3.1 2. 6 47. 3 18. 8 23. 6 26. 1 10. 9.0 3. 6 3.1 2. 6 2. 1 7. 3 5. 8 1. 4 1.1 0.6 1. 3 Wt. percent conversion 77. 3 80.8 C5, C6, 01 yield 72.0 71.2 Octane No. RON 3 cc.'s TEL/gal 87.7 87. 5 Vol. percent yield 107. 5 105. 6 iCr c0nsumption 11.0 10.3 Selectivity 93. 1 88. 1
The data demonstrates the particular advantages of utilizing the present process in conjunction with reformin g systems employing straight-run naphtha feedstocks and platinum-alumina catalysts to upgrade the isoparaffin-rich feeds obtained from the reformate. The catalyst oil produced in the two runs was only 4.7 and 7.0 weight percent.
EXAMPLE III Five hundred and five grams of a boron trifluoride saturated solution of 50% phosphoric acid was charged to a l-gallon stirred autoclave. The temperature was raised approximately 250 F., and 815 ml. (513 g.) of a mixture of 50 weight percent isobutane and 50 weight percent of an isoparaflinic feedstock consisting of mainly C and C isoparaffins was pressured into the reactor by means of a calibrated blowcase. The reactor was then pressured up to approximately 1000 p.s.i.g. and allowed to stir for hwo hours after which stirring was stopped, and the reactor was cooled. The contents of the reactor were drained into a room temperature trap, which was in reality a separatory funnel. The room temperature trap was connected to a series of four cold traps where condensible gases were collected. After the catalyst was collected in the room temperature trap it was drained and stored in a tared stoppered bottle. The hydrocarbon in the room temperature trap was collected and weighed. The hydrocarbon present in each of the four cold traps was also weighed. The total hydrocarbon weight (476 g.) showed a weight percent recovery of 92.8% (excluding catalyst oil).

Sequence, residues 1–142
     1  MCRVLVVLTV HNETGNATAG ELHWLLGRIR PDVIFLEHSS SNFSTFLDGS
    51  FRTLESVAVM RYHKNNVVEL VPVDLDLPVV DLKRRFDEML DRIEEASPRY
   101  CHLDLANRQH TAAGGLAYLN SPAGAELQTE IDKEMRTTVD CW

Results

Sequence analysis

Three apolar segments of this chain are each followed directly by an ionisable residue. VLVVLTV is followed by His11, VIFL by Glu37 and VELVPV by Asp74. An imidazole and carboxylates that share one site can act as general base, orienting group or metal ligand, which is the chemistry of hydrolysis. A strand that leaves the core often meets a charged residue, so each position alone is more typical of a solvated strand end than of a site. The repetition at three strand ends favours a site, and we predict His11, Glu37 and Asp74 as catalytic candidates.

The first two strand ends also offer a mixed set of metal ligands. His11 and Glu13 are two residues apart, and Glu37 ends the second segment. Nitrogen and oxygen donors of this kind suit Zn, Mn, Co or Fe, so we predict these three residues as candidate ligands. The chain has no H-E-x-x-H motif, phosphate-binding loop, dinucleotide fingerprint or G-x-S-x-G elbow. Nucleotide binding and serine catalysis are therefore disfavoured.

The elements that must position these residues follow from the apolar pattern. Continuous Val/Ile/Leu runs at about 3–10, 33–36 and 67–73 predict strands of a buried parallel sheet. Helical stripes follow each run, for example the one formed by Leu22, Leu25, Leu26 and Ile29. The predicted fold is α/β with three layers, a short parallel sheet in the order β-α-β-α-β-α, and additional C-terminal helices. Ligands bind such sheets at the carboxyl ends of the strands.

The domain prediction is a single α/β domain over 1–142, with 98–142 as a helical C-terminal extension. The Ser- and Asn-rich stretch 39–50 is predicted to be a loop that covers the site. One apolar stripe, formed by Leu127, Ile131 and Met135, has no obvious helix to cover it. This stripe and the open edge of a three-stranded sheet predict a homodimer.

The catalyst was decomposed by first heating to 250 F. to remove excess boron trifluoride, followed by dilution of five times its volume with water. Ether extraction of this aqueous material and subsequent removal of this ether by distillation gave 26 g. (5.1 weight percent) of catalyst oil. This brought the total recovery to 97.9 weight percent.
The hydrocarbon products (excluding catalyst oil) were combined and analyzed by vapor phase chromotography. Correcting for the isobutane charged the product distribution based upon a 92.8 weight percent recovery of total product is as follows:
Product: Weight percent 8 3'3 0: II: LI: 4317 C 16.5 C 7.4 i-C 4.6 nC 13.0 iC 2.4 ll-Cg 8 EXAMPLE iv The raflinate feedstock of Example II was disproportionated in the presence of isobutane and H PO /BF according to the method of Example I but under the conditions shown in Table'III below. The results are also shown in Table III.
Table III Run No 22. Catalyst 85% H PO /BF iC. /total HC wt. ratio 49.6. Catalyst Wt, g 500. Catalyst wt. gain 82. Catalyst/ total H'C wt. ratio 1. Temperature, F 253. Pressure, p.s.i.g 480. Products:
Wt. percent rec. 94.8.
Catalyst oil, g.
Total wt. percent rec. iC consumption 3.2. Product distribution by V.P.C.:
C 1.7. C; 48.0 C 16.0 C 5.2. O; 2 8
II-Cg We claim:
1. In a method of converting low octane parafiinic feedstocks, the step comprising contacting a hydrocarbon feedstock consisting essentially of isoparalfinic hydrocarbons of 6-12 carbon atoms and isobutane with a catalytic amount of phosphoric acid-boron trifluoride catalyst in a reaction zone at a temperature of about 30 to 350 F. and having a boron trifluoride partial pressure of about to 5000 p.s.i.g. and sufiicient to maintain the hydrocarbon mixture at least partially in the liquid state, the weight ratio of said feedstock to isobutane being about 0.1 to 10:1, to obtain a hydrocarbon product of increased octane number rating boiling in the gasoline range.